Interaction on US-Pakistan Relations
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Daniel S. Markey, a Senior Fellow at the Council on Foreign Relations (C.F.R.) and the author of ‘No Exit from Pakistan: America's Tortured Relationship with Islamabad’ held an intense and wide ranging interaction with the VIF faculty on19 Nov 2014. While the interaction intended to focus on the future trajectory of US- Pakistan relations, Asia’s broader strategic contours, defined increasingly by the growing expanse of terrorist networks, the US rebalancing in Asia-Pacific, and the counter measures by China attempting to expand its own sphere of influence across the region with slew of sea and land-based economic corridors, comprising New Maritime Silk Route and Silk Road Economic Belt, among others, crisscrossing large parts of Asia, formed the bulk of interaction.

General (Retd) N C Vij, Director VIF, while introducing the subject to the panel, expressed his enthusiasm about the upswing in the bilateral ties between India and the United States. Daniel Markey’s in-depth analysis covered the broad spectrum of US-Pakistan relations from a historical perspective, underpinning inherent inconsistencies as well as underlying irritants in the relationship. He commented that while in the past, the US policies towards Pakistan were largely dictated by cold war considerations, particularly the need to counter balance the Soviet Union, the changing regional dynamics will determine the future trajectory of US-Pakistan relations. To a large extent, the rise of China will be instrumental in shaping US foreign policies in this region in future. The cold war polices pursued by the US in this region resulted in countervailing effects for the bilateral relationship between India and the United States. Post Cold War, the US however is pursuing more independently its polices towards India. It has not only de-hyphenated India and Pakistan but also tried to insulate its policy with a civil nuclear deal.

In so far as the US rebalancing in Asia–Pacific is concerned, the strategy need not necessarily be viewed through the prism of China containment policy. On the contrary, the strategy per se is directed towards structuring rule-based international system, a further imperative to improve ties with India. To that extent, the US welcomes India’s growing ties with major US allies in the region, especially Japan with whom China has a running maritime dispute in the East China Sea.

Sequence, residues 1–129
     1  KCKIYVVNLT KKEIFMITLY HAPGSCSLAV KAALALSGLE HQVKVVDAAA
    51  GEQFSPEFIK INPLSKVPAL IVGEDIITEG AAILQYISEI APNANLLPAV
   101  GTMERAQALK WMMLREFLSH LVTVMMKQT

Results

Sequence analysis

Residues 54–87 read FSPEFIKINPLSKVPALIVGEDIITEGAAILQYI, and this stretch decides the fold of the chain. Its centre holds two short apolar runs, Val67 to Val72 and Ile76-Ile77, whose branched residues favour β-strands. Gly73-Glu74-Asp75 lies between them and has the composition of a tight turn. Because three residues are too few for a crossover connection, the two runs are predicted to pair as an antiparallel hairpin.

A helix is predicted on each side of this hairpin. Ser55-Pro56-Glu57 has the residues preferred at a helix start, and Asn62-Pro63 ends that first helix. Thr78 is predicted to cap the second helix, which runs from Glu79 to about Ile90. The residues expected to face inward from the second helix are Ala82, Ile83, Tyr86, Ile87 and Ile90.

From India’s standpoint, the US wanting India to play an active role in East Asia while itself remaining apathetic to India’s concerns in the West is somewhat disconcerting. It was also highlighted during the session that US policies towards the region have considerably reduced India’s strategic options, particularly in places like Afghanistan, Iran and the Middle East, while leaving her even more vulnerable to face the threats of terrorism from across the borders. It is imperative for the US to accommodate India’s concerns for the strategic partnership to really succeed. In this context, the growing Jihadist challenge in Pakistan, especially the country’s potential of turning in to a radical Sunni Islamic state and posing even greater threat to the world also came up for pointed discussion during the session.

The futility of continued US economic and military assistance to Pakistan was highlighted, especially in light of the fact that a fragile economy on the cusp of becoming a failed state was squandering away its meager economic resources by supporting terrorist networks in the region and building military capabilities against an imagined enemy, India. Beside, Pakistan has effectively leveraged terrorism as a state policy to extract more and more economic and military aid from the United States. The US feels extremely frustrated for not being able to change Pakistan’s strategic behavior despite all the assistance it has given to that country.

Pakistan’s post-2014 strategy in Afghanistan, growing China-Pakistan collaboration in Pakistan Occupied Kashmir (POK) as also in nuclear and other strategic affairs were amongst issues discussed prominently during the session which lasted a little over two hours. The Director concluded the session saying India wants to improve ties with the US, but remains skeptical about Pakistan-US relations.

Event Date 
November 19, 2014
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